Thrown on the Sure

Culture, Education, Justice, Plus ça change motherfuckers, Poetry, Religion, Science, The Life of the Mind, Things that Actually Happen, War and Politics

The past as precedent is overrated.
Even its angel gazing back across
the racked, wrecked pile of death and loss
can never turn to see what it’s created
now. The present is the wreck, abated
briefly; the past, a stone, but we are moss
fuzzing the surface, a broken pebble tossed
into a sea. A story often related
about the same sea is that a king
stood at its edge and ordered the tide to cease.
We’re told the moral has to do with pride.
In fact, Canute was warning: worshipping
a man’s short power and swiftly expiring lease
blasphemed. The waves went on. He ruled and died.

Resident Chumps

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What I felt when Donald Trump won the presidential election last night was weirdly akin to what I felt on 9/11—yes, that 9/11: not terror at a catastrophe whose suddenness and magnitude were unprecedented in the history of the world, but rather sad, weary recognition of a smaller, more acute disaster whose antecedents and precedents were all too obvious, an inevitable result—I won’t hesitate to use that word—of a long series of choices that we’d made. I didn’t predict the hour, and I was very, very surprised when it arrived. But I wasn’t shocked.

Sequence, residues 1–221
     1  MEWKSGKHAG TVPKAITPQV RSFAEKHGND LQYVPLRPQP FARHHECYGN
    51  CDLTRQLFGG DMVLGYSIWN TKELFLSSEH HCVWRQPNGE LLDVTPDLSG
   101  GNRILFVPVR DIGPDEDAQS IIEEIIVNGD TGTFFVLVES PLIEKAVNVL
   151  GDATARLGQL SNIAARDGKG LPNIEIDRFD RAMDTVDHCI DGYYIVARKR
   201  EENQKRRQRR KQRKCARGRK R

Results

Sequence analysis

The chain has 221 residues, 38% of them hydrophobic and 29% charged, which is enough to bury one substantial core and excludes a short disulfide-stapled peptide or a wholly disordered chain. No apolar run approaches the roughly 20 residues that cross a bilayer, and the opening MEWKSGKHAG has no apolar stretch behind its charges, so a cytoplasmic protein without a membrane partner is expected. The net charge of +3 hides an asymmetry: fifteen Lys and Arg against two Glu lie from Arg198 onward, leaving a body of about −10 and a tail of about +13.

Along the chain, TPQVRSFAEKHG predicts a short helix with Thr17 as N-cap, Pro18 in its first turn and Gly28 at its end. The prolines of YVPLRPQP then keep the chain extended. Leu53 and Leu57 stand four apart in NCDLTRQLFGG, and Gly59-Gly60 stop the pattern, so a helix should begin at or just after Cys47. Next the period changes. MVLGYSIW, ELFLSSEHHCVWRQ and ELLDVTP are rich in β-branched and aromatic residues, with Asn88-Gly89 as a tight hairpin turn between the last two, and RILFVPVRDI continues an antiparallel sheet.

We are in for a long and unproductive argument about whether or not Trump’s victory represents the revenge of the economically forgotten against the managerial political class or the petit-bourgeois revolt of classic fascism or some stinking eructation of the perpetual sin of American racism. I think it is at once all and none of these things. All of them are symptoms of the deliberate disorder of an unequal society in which the power, wealth, and influence—the real power, wealth, and influence—accrue endlessly to the same tiny sliver of the population, leaving hollow communities in the wake. Even people who are doing well by American standards—I am personally doing very well by American standards—are mostly doing so at greater personal expense to themselves and their families, their friends, and their communities.